Recently, an article from researchers from the Informatics Institute of the University of Amsterdam has been published at the IEEE Conference on Computer Vision and Pattern Recognition; the leading peer-reviewed publication venue in the field of artificial intelligence. The researchers introduced a method for counting repetitions, which are relevant when analyzing human activity (sports), animal behavior (a bee’s waggle dance) or natural phenomena (leaves in the wind) by integrating for the first time the audio modality in a visual counting system based on neural networks.
Yunhua Zhang and Cees Snoek of the Video & Image Sense Lab (VIS), in collaboration with Ling Shao from the Inception Institute of Artificial Intelligence (IIAI), developed a method for estimating how many times a certain repetitive phenomenon, such as bouncing on a trampoline, slicing an onion, or playing ping pong, happens in a video stream. Their methodology is applicable to any scenario in which repetitive motion patterns exist. By using both sight and sound, as well as their cross-modal interaction, counting predictions are shown to be much more robust than a sight-only model. The results highlight the benefits brought by the use of sound as an addition to sight, especially in harsh vision conditions, for example during low illumination, or when camera viewpoint changes, and even occlusions, where the combination of both sight and sound always outperforms the use of sight only.
Humans are great at counting repetitions, they can filter out the irrelevant information of a video and can accurately perceive what to focus on. Computers can be trained to do so as well and can create statistics of how many times, for example, a hula hoop turns. The counting however comes with some difficulties, as the person performing the activity may move out of the camera’s field of view or the environment is too dark to see well. Previous methods, based on sight only, have a greater chance of obtaining errors in their counts, and therefore the statistics created can be less reliable. The challenging problem is getting the repetitive counting with the use of artificial intelligence as accurate as possible. To solve this problem, the researchers introduce for the first time audio signals, which are free of visual noise, into the counting process.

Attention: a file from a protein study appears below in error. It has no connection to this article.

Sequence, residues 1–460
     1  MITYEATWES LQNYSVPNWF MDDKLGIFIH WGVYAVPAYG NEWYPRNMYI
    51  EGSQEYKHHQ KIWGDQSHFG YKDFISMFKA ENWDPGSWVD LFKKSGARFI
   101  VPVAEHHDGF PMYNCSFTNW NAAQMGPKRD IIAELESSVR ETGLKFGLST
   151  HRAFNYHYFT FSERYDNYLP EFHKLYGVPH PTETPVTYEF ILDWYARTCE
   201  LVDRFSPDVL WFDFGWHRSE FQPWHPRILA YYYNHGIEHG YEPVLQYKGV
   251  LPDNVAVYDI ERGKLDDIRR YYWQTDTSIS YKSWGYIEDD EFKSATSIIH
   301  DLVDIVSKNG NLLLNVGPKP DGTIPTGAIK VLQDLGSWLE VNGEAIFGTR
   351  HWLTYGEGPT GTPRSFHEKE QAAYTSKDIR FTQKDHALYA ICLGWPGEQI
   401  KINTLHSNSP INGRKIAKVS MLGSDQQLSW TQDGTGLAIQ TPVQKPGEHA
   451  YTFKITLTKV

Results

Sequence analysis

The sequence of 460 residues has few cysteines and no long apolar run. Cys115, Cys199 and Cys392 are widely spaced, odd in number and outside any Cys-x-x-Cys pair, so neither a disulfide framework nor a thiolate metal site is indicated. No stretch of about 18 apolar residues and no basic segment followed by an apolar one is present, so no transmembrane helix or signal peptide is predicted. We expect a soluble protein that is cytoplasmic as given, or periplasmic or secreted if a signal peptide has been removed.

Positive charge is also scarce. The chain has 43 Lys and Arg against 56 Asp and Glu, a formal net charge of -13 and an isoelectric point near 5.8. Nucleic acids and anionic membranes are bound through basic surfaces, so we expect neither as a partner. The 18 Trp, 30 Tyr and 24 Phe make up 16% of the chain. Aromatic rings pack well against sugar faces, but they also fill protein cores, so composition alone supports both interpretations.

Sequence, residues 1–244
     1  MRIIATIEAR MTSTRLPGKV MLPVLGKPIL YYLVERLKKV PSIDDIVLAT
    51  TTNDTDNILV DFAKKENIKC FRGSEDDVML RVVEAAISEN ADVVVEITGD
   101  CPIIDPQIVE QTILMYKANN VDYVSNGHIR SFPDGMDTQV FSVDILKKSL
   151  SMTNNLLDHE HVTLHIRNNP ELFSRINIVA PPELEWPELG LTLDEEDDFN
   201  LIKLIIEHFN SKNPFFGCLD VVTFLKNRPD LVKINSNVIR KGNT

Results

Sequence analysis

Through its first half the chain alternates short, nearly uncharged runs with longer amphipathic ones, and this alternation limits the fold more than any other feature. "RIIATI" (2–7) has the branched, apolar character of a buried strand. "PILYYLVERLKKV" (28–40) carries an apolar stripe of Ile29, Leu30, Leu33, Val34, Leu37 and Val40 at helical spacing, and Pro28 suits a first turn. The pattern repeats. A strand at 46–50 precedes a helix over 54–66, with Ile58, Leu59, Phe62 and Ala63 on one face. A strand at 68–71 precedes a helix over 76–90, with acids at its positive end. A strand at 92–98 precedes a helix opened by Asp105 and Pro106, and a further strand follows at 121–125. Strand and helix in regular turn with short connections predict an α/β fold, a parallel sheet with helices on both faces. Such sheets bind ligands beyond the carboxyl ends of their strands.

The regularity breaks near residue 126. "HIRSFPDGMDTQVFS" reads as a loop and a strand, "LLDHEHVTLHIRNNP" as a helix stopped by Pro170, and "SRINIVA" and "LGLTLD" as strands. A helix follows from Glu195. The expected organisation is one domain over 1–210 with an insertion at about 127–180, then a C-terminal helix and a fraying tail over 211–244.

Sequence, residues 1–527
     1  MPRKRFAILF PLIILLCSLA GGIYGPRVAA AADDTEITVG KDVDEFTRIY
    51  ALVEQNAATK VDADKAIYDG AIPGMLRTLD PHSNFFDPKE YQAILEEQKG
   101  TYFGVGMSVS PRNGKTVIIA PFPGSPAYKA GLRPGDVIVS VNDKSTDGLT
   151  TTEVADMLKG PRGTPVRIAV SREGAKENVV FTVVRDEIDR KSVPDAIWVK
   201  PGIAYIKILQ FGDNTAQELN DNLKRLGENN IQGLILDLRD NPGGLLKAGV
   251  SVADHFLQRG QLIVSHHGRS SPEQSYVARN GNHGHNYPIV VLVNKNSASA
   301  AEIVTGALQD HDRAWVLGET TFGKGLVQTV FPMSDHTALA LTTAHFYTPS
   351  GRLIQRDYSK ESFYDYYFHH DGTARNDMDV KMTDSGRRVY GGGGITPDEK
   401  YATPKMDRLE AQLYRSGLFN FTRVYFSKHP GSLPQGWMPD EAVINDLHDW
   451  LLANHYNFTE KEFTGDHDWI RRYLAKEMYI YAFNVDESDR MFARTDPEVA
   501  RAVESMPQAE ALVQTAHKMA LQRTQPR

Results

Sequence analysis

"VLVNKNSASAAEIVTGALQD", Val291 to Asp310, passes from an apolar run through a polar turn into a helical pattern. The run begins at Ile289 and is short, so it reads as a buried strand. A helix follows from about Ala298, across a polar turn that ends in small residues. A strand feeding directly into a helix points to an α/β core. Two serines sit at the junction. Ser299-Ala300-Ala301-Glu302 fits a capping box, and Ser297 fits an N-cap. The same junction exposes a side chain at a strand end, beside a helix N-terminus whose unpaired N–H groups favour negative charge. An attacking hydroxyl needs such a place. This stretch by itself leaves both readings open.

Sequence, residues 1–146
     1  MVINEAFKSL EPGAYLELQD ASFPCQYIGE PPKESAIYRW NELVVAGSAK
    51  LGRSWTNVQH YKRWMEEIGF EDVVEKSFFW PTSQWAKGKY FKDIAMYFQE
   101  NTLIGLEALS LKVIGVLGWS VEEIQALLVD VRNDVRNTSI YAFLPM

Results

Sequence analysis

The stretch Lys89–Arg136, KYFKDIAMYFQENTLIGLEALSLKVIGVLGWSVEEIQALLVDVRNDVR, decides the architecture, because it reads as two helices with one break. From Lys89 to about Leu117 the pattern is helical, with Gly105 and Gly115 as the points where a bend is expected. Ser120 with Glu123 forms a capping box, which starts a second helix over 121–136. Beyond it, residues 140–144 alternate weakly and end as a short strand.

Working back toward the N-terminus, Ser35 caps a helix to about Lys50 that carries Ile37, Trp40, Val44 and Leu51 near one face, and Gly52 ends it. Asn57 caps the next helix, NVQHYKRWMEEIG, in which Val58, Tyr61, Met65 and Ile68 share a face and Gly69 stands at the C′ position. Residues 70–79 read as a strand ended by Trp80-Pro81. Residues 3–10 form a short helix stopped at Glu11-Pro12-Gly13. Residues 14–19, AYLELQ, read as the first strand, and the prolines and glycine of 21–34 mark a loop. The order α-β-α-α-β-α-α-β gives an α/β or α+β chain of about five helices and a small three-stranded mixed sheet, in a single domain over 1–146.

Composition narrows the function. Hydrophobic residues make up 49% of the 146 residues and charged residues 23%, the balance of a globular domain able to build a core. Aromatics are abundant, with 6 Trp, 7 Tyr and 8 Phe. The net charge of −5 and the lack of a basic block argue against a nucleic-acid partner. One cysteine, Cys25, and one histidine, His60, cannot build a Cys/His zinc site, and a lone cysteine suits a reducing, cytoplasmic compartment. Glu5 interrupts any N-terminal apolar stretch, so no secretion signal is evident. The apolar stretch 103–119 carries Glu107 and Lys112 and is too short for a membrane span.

The new model, using sound in combination with sight, proposes an intelligent repetition counting approach based on convolutional neural networks. The approach takes both the sight and audio signals as input. As the sound can indicate how the action is progressing, the model first considers both sight and sound to identify the appropriate frame rate to sample the video frames that are provided as input so that at least two repetitions are covered. Subsequently, the model recognizes what kind of motion or sound pattern is inside the video and counts how many times the pattern occurs. The more it happens, the stronger the signals that the neural network receives and the higher the counting prediction will be. By the use of a count-annotated dataset, the model can memorize what kind of repetitive motion or sound patterns exist in the world and what they look or sound like and will eventually learn how to focus on the important features of each video to count more precisely, also when perceiving patterns that it has previously not seen or heard.
Inside the model there are two streams, both streams process each modality separately to count the repetitive activity. To be specific, the sight and the sound streams take RGB images and the spectrogram of audio signals as inputs. However, the sight stream can suffer from visually challenging conditions and the audio signals may contain loud background noise. Therefore, a reliability estimation module is introduced to judge the quality of each modality and to put more trust on the counting result from the more reliable modality. Both visual and audio features extracted by the convolutional networks are sent into this module and then a reliability score is estimated to combine the counting results from both streams to obtain the final counting prediction.
On two new audiovisual counting datasets, experiments show that sound can play a vital role, and combining both sight and sound with cross-modal temporal interaction is always beneficial. The sight stream already outperforms the state-of-the-art by itself and the integration of sight and sound improves the result further, especially under harsh vision conditions. As seen in the video, a model combining both sight and sound always outperforms a model relying on sight only and is even more beneficial when used during poor and/or challenging sight conditions.
The video shows several videos with scale variation (breaststroke), camera viewpoint change (playing ping pong), fast motion (slicing food), a disappearing activity (playing ping pong) and low resolution (playing tennis), with the numbers in colored boxes indicating counting results and the corresponding groundtruth.